Iowa Dad Loses Parental Rights After Working Too Much

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In a system which often penalizes dads for not working overtime, the Iowa Supreme Court upheld the termination of a father’s parental rights for doing the exact opposite. The opinion, Case No. 20-0582: In the Interest of Z.P., Minor Child, filed September 4, 2020, concluded that the father could not afford to quit his second full-time job, and instead released the child for adoption.


Mother Loses Custody After Abusing Older Sibling

The child, named Z.P. in the case, was born in 2016 to the mother, listed as H.P, and a father, listed as F.M. The baby lived with H.P. and two half-siblings and saw F.M. infrequently. All three children were removed in 2018 when DHS found H.P. had abused the oldest child in the home.

The children were placed in foster care homes and shelter care. F.M. attempted to take custody of his child, but DHS determined he didn’t have the time or experience needed to care for Z.P. They ordered him to take parenting classes and participate in supervised visitation.

They say the primary reason behind this was F.M.’s hectic work schedule. He had two full-time jobs, working up to 18 hours most days, leaving little time for interaction. During visits, social workers say he babied Z.P. He fed her when she could feed herself and talked to her in babytalk. Z.P. was two years old at the time.

F.M. completed two parenting classes and advanced to semi-supervised visits, but he had no quit either of his jobs by the time the termination hearing came around. DHS also pointed to his age and inexperience. F.M. was 60 years old and had never raised a child. He lived in a one-room apartment.

Based on this, DHS and the guardian ad litem for Z.P. recommended termination. The court granted their request and cleared the child for adoption. The father appealed, saying he told DHS he would quit his second job once he got custody of his daughter.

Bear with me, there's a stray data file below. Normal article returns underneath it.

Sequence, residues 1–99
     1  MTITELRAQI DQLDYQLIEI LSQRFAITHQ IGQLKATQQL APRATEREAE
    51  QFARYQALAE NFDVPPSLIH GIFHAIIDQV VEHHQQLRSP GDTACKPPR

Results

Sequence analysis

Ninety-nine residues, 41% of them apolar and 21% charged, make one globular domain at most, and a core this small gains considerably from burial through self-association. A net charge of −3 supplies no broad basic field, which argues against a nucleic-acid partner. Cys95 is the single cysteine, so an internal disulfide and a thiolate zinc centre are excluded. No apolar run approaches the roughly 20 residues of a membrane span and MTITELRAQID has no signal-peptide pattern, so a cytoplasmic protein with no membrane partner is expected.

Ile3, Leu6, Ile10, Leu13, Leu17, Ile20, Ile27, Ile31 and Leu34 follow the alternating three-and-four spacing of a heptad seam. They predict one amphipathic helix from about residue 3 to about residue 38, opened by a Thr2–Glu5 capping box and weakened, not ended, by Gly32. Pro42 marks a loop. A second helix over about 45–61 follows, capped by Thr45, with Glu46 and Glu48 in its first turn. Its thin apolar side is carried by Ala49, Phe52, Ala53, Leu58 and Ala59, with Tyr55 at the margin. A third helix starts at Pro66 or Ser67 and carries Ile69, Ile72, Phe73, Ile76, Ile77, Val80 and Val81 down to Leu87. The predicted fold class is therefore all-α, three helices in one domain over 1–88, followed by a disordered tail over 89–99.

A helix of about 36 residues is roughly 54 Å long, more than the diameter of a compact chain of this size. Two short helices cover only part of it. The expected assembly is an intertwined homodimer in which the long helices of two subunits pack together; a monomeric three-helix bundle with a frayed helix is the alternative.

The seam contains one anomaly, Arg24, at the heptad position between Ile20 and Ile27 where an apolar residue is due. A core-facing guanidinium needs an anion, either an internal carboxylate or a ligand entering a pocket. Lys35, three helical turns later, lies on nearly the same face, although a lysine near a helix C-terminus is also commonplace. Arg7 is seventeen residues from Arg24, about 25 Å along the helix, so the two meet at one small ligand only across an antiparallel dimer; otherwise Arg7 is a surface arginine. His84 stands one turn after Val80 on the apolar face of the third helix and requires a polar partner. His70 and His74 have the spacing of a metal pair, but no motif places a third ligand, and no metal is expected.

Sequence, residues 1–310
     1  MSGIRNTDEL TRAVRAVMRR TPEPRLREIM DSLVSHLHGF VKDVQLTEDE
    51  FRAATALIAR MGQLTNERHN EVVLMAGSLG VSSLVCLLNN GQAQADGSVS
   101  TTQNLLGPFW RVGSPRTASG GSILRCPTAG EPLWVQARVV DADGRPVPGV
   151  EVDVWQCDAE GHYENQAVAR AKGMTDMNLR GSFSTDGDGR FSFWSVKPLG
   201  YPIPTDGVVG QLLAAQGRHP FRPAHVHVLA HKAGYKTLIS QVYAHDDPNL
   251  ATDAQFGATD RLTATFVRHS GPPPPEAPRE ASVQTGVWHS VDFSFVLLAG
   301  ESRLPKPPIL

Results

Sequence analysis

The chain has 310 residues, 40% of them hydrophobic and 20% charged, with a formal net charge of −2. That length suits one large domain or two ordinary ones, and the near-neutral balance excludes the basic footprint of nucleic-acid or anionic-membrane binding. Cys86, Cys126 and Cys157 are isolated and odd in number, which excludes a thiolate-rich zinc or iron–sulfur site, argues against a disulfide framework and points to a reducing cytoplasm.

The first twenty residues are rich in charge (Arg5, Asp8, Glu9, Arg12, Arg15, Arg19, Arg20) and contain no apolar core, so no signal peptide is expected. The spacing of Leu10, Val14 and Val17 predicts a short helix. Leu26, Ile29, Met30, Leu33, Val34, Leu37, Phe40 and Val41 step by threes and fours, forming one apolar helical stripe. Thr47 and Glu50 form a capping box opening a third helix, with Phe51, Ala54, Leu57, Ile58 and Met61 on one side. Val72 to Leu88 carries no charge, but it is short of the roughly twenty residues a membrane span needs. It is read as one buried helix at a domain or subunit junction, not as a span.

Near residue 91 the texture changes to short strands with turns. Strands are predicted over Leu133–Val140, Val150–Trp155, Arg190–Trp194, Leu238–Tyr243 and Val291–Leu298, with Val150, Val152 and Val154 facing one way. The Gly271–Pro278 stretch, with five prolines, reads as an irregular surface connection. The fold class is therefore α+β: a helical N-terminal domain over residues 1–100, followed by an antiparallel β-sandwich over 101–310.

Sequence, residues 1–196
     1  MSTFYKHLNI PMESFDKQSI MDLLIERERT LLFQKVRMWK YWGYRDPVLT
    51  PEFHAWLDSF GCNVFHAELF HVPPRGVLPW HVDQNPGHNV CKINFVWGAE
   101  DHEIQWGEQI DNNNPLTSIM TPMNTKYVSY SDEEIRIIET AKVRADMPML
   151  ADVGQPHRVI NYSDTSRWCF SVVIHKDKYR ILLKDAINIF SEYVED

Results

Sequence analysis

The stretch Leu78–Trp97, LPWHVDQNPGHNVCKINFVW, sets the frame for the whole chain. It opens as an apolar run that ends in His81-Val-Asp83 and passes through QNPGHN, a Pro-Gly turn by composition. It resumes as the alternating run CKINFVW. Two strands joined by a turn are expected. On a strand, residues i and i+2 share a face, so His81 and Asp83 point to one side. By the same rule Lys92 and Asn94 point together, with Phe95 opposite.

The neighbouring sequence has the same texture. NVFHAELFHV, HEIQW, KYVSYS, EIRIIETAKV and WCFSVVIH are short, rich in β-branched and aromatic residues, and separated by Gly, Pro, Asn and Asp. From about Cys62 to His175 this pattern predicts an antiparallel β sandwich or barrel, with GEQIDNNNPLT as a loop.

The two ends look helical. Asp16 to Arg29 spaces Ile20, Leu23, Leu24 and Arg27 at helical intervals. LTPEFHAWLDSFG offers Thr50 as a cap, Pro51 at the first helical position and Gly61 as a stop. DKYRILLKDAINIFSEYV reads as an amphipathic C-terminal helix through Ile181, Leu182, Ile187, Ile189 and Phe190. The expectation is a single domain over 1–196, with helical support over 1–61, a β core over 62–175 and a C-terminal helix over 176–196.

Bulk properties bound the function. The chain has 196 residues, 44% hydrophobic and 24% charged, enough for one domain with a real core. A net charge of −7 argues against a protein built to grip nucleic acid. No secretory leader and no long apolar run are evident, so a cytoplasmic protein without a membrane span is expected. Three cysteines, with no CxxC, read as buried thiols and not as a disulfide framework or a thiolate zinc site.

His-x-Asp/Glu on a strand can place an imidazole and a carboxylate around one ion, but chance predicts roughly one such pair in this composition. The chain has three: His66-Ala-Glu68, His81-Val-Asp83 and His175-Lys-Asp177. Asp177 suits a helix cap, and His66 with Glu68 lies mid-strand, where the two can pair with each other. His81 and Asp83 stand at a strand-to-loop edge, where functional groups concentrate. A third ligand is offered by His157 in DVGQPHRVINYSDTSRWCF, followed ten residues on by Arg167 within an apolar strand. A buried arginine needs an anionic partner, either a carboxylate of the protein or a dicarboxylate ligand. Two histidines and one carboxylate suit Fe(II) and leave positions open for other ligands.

Iowa Supreme Court Upholds Termination

F.M. appealed the ruling because the case did not seem to meet the requirements for termination outlined by the State of Iowa. Z.P. was never removed from his care. Because this argument hadn’t been raised during the termination trial, the state supreme court refused to consider it. Moreover, the court ruled that removal from the mother was sufficient.

The father also said the state had no grounds to think he’d be unfit. In response, they pointed to a lack of knowledge, time and preparation. By the termination hearing, he had not quit his second job. He didn’t have a childcare provider lined up. He didn’t have a driver’s license or a plan for transportation. He hadn’t purchased a bed for her to sleep on in his apartment.

It was also concluded that she was more bonded to her pre-adoptive foster family than to F.M.

Some people will read that opinion and think the state acted in the child’s best interests, but you have to stop and ask some simple questions. What was being taught in those parenting classes? How far did the state go in trying to reunify this child with her parent? How big of a role did gender, race and economic status play in the outcome?

Fathers who are faced with this kind of situation should start living from day one as though they will get custody of their children. They should have a safe place for their children to sleep, reliable transportation, a reliable work schedule, and professional connections like daycare providers and doctors lined up in advance. Most importantly, you have to make sure you raise essential legal concerns during your hearings.

Looking for a father-friendly lawyer or organization that might be able to help? Start with our “how to find a good lawyer for fathers” page here.

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